By Tori Richards
SANTA ANA, Calif. (Reuters) - Activists including O.J. Simpson's former sister-in-law launched a bid on Thursday to recall a California judge over what they say was an unconscionably light sentence he gave to a man convicted of sexually abusing a 3-year-old girl.
Orange County Superior Court Judge Marc Kelly has been roundly criticized for sentencing Kevin Jonas Rojano-Nieto last week to 10 years in prison when the state statute recommends a minimum of 25 years to life behind bars.
Rojano-Nieto was convicted in December of sodomizing his half-sister in the family’s Santa Ana garage after the girl wandered in while he was playing video games.
Kelly, in imposing the lesser sentence, said the case was "not typical of a predatory, violent, brutal sodomy of a child case" because the defendant did not seek out his victim.
Orange County District Attorney Tony Rackauckas has said he would appeal that sentence.
In demanding Kelly's recall, the activists, joined by three members of the Orange County Board of Supervisors, said the judge's ruling was inappropriate and could be used by other defendants to seek lighter sentences.
"These are monsters and they deserve the maximum sentence,” said Denise Brown, whose sister, Nicole Brown-Simpson, was stabbed to death on June 12, 1994, along with her friend Ronald Goldman.
Former football star turned TV pitchman O.J. Simpson was charged with those murders but ultimately acquitted during a sensational case that came to be known as the "Trial of the Century."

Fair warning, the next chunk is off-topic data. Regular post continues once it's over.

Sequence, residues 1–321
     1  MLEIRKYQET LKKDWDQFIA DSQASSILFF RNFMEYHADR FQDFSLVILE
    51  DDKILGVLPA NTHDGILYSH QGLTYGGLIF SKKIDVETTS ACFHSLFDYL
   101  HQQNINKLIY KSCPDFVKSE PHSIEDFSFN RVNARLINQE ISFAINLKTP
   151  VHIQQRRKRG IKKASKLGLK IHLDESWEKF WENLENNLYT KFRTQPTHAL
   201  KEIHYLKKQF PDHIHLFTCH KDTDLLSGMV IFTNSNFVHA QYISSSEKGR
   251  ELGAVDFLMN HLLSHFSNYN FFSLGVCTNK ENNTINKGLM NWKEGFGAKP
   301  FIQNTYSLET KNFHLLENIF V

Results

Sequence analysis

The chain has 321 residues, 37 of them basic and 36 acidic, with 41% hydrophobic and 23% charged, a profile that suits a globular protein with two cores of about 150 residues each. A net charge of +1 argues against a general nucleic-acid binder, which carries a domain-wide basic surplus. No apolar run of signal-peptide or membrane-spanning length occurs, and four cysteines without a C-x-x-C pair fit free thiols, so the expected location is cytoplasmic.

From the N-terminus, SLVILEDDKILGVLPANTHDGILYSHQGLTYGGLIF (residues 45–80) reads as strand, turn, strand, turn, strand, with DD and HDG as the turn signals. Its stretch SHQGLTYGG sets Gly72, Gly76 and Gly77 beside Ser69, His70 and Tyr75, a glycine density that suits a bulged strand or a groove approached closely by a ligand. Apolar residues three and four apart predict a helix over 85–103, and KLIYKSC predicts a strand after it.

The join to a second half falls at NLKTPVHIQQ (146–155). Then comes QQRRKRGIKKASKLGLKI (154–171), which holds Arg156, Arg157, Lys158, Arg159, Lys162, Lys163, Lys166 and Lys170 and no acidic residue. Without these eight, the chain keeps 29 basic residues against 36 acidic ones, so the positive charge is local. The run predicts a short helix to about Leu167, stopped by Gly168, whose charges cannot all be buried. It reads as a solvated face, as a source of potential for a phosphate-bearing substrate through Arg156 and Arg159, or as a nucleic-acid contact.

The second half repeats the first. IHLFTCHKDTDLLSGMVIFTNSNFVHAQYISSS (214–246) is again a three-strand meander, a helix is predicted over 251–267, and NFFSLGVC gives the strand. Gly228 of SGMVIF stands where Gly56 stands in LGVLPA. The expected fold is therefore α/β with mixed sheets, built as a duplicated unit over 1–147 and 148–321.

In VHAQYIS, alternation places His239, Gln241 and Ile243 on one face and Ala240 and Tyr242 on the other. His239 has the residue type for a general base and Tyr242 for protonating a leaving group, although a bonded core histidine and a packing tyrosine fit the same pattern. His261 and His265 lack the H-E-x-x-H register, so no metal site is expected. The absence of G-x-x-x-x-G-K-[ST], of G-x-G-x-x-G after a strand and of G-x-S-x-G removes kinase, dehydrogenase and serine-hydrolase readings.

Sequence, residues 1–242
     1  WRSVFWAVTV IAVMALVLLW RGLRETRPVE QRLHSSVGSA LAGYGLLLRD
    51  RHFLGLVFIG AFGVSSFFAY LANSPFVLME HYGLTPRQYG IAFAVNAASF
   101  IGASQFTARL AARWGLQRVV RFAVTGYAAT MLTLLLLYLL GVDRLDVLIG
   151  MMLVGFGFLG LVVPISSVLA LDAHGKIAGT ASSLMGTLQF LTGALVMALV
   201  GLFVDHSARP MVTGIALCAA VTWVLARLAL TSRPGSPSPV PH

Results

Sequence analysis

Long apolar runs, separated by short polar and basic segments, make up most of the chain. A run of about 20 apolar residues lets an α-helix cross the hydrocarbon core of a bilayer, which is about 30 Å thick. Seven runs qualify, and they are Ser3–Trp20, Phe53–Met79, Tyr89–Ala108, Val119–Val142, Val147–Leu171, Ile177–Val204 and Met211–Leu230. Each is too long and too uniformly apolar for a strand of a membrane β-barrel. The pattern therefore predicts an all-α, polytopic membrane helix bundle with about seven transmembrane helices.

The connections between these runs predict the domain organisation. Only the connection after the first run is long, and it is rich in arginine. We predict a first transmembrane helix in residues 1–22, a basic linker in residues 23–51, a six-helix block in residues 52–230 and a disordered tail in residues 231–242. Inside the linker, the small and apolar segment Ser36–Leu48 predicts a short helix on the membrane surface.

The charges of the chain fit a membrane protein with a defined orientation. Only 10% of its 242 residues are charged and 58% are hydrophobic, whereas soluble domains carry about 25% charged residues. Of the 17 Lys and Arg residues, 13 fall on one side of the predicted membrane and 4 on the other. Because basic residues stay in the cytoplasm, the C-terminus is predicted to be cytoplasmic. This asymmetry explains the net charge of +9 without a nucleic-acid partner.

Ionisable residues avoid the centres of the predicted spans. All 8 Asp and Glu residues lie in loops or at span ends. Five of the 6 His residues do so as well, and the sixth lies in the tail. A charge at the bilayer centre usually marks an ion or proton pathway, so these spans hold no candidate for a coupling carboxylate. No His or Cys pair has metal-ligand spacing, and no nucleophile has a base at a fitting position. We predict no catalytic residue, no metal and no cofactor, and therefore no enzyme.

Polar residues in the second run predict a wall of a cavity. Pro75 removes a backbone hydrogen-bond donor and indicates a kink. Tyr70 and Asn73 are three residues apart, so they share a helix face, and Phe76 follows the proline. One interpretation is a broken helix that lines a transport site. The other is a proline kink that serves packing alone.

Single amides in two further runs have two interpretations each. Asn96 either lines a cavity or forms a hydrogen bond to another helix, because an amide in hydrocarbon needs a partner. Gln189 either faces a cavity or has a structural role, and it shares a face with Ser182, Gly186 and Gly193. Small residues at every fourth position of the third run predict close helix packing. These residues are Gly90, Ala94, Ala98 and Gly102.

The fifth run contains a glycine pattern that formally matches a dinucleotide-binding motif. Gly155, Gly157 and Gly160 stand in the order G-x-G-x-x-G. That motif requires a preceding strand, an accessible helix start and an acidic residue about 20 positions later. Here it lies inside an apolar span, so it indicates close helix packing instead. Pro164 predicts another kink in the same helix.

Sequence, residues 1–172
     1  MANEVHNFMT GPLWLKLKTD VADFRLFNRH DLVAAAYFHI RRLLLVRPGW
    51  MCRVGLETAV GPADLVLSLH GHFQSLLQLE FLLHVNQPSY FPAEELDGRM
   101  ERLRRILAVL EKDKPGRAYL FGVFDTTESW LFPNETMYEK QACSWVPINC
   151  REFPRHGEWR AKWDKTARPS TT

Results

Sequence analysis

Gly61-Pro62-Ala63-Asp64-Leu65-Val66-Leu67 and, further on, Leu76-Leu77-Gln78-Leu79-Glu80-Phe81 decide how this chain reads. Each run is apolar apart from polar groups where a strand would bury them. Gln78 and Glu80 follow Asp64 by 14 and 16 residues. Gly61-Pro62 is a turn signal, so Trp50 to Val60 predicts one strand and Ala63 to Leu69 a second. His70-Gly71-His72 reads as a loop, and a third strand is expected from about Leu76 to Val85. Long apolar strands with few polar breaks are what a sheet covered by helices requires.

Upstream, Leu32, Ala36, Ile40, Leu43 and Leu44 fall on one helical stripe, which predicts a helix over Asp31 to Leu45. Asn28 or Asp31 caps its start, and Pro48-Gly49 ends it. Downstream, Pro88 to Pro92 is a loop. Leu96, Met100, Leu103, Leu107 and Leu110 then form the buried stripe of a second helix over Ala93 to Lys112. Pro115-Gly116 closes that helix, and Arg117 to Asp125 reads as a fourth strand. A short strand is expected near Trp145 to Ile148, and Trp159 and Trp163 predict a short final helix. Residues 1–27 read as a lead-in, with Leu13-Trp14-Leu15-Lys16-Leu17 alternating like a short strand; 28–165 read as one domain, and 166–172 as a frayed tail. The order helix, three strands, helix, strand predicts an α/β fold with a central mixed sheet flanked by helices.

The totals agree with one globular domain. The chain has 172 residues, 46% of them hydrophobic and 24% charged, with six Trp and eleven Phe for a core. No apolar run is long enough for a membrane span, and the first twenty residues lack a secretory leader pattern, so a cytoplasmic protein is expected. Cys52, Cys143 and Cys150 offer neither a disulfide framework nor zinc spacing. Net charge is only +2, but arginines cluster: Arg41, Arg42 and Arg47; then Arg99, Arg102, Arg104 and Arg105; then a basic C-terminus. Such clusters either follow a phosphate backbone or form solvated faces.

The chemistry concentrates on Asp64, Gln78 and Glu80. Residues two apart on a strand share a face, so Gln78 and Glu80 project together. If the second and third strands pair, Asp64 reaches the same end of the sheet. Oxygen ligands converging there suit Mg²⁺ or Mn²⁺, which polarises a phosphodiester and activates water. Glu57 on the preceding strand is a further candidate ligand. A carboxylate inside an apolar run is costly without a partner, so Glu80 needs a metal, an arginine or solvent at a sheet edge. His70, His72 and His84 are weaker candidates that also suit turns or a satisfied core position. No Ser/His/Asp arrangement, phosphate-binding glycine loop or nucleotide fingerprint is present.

Kelly has been a judge since 2000. Before that, he spent 12 years as a deputy district attorney and prosecuted hard-core gang cases. Supervisor Todd Spitzer, who is part of the recall effort, was a prosecutor at the same time and knows Kelly well.
“I’m shocked that this is Marc,” Spitzer said. “He knew exactly what he was doing and his comments were unfathomable.”
Kelly could not be reached for comment on Thursday.
An attorney for Rojano-Nieto, Erfan Puthawala, said the sentence was appropriate because his client had been abused himself as a child and a 25-years-to-life term would be cruel and unusual punishment.
“Sometimes the right decision can be an unpopular decision,” Puthawala said. “In this case, it takes a lot of courage to follow the law even though he knew there would be some sort of a backlash.”
(Reporting by Tori Richards in Santa Ana. Editing by Dan Whitcomb and Andre Grenon)